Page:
When Finn Harps raised the bar and hammered Athlone Town to reach a first ever FAI Cup final in 1974

Alan Foley


Alan Foley

When Finn Harps raised the bar and hammered Athlone Town to reach a first ever FAI Cup final in 1974
“Is there a carpenter in the ground?,” the optimistic stadium announcer enquired at Oriel Park during the 1974 FAI Cup semi-final.

“Is there a carpenter in the ground?,” the optimistic stadium announcer enquired at Oriel Park during the 1974 FAI Cup semi-final.

It was one of the most comical moments in the history of the League of Ireland; one that was captured by RTÉ’s grainy black and white cameras in Dundalk.

Finn Harps, managed by Patsy McGowan, had shot themselves into a 2-0 lead against Athlone Town and had one foot in a first ever FAI Cup final - just five years after gaining entry to the league with no other than Athlone Town.

From their embryonic admission in 1969 the two clubs had been called the ‘inseparable twins.’ But there were few similarities in Louth that Sunday afternoon, the last day of March, in 1974.

Two Charlie Ferry goals in the quarter-final replay against Bohemians at Finn Park had sealed Harps’ passage.

“From the day we defeated Bohs I always felt as though our name was on the cup,” Harps’ skipper then, Jim Sheridan, said this week.

Against Athlone, Ferry and Brendan Bradley had put the Ballybofey side in front before the curious incident.

Athlone’s goalkeeper Mick O’Brien was considered a charismatic type, well appreciated by the regulars at that old ramshackle of a ground, St Mel’s Park.

“At times on that terrible day he seemed like the only Athlone player on the park who was in any way troubled by the general awfulness of the display,” wrote Declan Lynch, an Athlone Town supporter who was in Dundalk that day, in The Irish Independent in 2001.

“He cared. And perhaps in the end, he cared too much.”

O’Brien was known for his theatrics; known to often swing on the crossbar when shots flew over at St Mel’s, where the goalframe was steel.

At Oriel Park though, it was wooden and cracked as he slung from it. Fifteen minutes came and went, as the stadium announcer made his plea, before it was deemed fit to continue.

Amid the comedic scenes, Harps played some excellent football.

It’s a facet of the game that is sometimes overlooked even now. Their lead went out to 4-0 with Terry Harkin and Bradley, again, on the mark.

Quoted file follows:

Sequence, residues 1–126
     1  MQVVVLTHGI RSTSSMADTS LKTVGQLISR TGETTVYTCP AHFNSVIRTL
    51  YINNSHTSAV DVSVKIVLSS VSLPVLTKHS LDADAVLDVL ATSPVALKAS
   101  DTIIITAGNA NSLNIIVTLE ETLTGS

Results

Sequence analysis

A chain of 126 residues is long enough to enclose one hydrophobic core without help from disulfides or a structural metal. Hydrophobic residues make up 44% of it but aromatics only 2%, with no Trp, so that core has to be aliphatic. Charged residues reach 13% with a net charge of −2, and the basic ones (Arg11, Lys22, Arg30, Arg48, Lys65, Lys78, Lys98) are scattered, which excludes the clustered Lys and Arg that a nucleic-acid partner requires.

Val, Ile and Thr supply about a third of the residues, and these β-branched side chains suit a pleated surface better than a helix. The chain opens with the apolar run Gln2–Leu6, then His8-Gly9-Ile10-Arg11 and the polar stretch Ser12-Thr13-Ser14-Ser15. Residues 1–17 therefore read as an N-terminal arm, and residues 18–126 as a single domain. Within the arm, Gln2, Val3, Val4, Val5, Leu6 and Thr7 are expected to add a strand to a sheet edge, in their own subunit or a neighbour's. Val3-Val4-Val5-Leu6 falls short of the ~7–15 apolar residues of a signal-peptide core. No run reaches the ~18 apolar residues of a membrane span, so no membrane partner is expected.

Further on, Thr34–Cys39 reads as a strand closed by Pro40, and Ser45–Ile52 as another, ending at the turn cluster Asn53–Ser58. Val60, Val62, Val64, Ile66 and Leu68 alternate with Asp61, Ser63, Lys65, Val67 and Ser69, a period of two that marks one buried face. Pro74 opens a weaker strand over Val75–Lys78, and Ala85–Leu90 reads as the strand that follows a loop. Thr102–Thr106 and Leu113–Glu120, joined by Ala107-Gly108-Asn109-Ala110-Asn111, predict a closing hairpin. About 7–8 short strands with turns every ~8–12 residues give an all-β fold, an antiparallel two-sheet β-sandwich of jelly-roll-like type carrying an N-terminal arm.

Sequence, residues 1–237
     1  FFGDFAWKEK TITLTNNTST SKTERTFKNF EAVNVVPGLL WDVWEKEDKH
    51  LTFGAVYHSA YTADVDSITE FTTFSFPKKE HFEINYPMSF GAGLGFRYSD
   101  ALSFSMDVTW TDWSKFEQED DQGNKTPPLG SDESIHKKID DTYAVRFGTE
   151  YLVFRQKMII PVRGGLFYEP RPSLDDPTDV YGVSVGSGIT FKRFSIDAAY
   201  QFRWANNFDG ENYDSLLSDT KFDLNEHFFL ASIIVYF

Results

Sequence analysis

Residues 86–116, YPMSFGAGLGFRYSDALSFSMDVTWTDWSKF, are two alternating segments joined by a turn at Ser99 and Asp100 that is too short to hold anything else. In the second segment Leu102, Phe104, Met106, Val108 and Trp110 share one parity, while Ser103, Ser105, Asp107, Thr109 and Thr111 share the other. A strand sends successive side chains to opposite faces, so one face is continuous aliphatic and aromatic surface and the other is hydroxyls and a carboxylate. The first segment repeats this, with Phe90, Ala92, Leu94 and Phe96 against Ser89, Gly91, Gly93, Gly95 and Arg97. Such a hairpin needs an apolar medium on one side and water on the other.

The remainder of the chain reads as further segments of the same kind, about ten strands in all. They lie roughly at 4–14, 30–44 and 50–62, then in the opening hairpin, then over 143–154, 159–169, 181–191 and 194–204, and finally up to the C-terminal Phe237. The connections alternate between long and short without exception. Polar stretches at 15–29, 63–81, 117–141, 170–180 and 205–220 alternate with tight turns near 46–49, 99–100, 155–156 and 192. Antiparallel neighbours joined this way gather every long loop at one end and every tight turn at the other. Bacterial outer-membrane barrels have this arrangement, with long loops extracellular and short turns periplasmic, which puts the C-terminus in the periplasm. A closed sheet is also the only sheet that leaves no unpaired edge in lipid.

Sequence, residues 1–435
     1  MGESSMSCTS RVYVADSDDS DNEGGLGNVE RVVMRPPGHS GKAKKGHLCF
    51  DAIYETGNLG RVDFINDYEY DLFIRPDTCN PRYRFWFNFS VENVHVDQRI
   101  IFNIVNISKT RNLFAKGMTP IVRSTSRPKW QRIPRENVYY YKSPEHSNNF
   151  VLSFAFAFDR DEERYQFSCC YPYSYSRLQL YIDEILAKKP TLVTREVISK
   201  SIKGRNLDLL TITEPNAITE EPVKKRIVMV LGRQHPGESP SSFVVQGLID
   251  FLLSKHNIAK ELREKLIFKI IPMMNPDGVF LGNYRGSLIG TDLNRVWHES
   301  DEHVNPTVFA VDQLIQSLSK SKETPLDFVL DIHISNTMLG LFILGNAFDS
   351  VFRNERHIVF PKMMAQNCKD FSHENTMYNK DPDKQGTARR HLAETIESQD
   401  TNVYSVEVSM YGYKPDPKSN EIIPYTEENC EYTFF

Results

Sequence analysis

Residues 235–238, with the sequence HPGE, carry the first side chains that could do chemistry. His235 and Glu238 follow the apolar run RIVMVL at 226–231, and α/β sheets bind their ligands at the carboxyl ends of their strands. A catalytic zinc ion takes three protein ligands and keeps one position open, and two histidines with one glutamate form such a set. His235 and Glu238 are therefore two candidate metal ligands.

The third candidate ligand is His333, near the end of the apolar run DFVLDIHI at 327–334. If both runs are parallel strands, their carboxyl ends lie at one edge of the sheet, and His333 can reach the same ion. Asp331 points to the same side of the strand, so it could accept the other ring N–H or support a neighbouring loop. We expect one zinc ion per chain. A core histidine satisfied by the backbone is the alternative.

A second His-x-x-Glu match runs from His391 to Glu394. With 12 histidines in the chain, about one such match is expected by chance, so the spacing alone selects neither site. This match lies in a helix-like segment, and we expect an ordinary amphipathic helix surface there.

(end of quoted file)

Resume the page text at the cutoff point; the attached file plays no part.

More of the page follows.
With Athlone’s world coming down around them, so too, did O’Brien’s crossbar. Again.

This time he was said to have climbed up the netting to get there but was sent off for his troubles.

“I was trying to fix it, when it came crashing down on top of me,” he explained years later.

“The corner of the post seemed a bit loose so I jumped up to try and mend it. When I touched it the post came away in my hand. I got the fright of my life.

“I always have a habit of hanging onto the bar, to make sure the ball went over. Most of the league’s goalkeeper’s do it. I’m just unfortunate that when I do it, the wretched bar breaks.

“Also I admit that I like to keep the crowd happy. That’s why I do plenty of somersaults and stuff in the goalmouth. Perhaps I go a bit far.

“There’s a third reason. I think I might be over-fit.”

Harps went on to win 5-0, with Paddy McGroary completing the nap-hand, and sealed their passage through to the FAI Cup final.

Fran Fields, the Harps chairman, gave his thoughts on O’Brien’s actions in The Evening Press that week.

“I could not believe it,” he said. “He spoiled the whole day and if he was my player, I would not allow him to wear the club jersey again.”

These feelings were echoed by Harps manager McGowan when he said: “O’Brien made a farce of it. I personally feel sorry for the supporters of Athlone Town.”

The Athlone Town goalkeeper, later nicknamed ‘Tarzan’ in Donegal, was fined £50 and suspended until January 1, 1975.

That October, he was part of the Athlone side - managed by Eunan ‘Busty’ Blake from Letterkenny - who drew 0-0 with AC Milan in the Uefa Cup at St Mel’s. John Minnock - the father of Jonathan, who played for Harps a record 485 times -saw Enrico Albertosi save his limp penalty.

O’Brien kept the Italians at bay until after the hour-mark at the San Siro before they eventually ran out 3-0 winners.

“Mick was a nice fella and a good goalkeeper,” Sheridan said this week. But I don’t know what happened him that day in Dundalk. “People still talk about the crossbar but it takes away from a great performance we put in that day.”

Harps went onto win the FAI Cup for the only time in their history, defeating St Patrick’s Athletic 3-1 in the final at Dalymount Park.

Now, they face the same side again in the last four, 40 years on.

“I’ve not seen much of Harps but always look out for their results,” Sheridan added. “They’re huge underdogs this weekend, of course, but in football you just never know.”

Just like O’Brien’s antics in 1974, Sheridan is right. In football you just never know.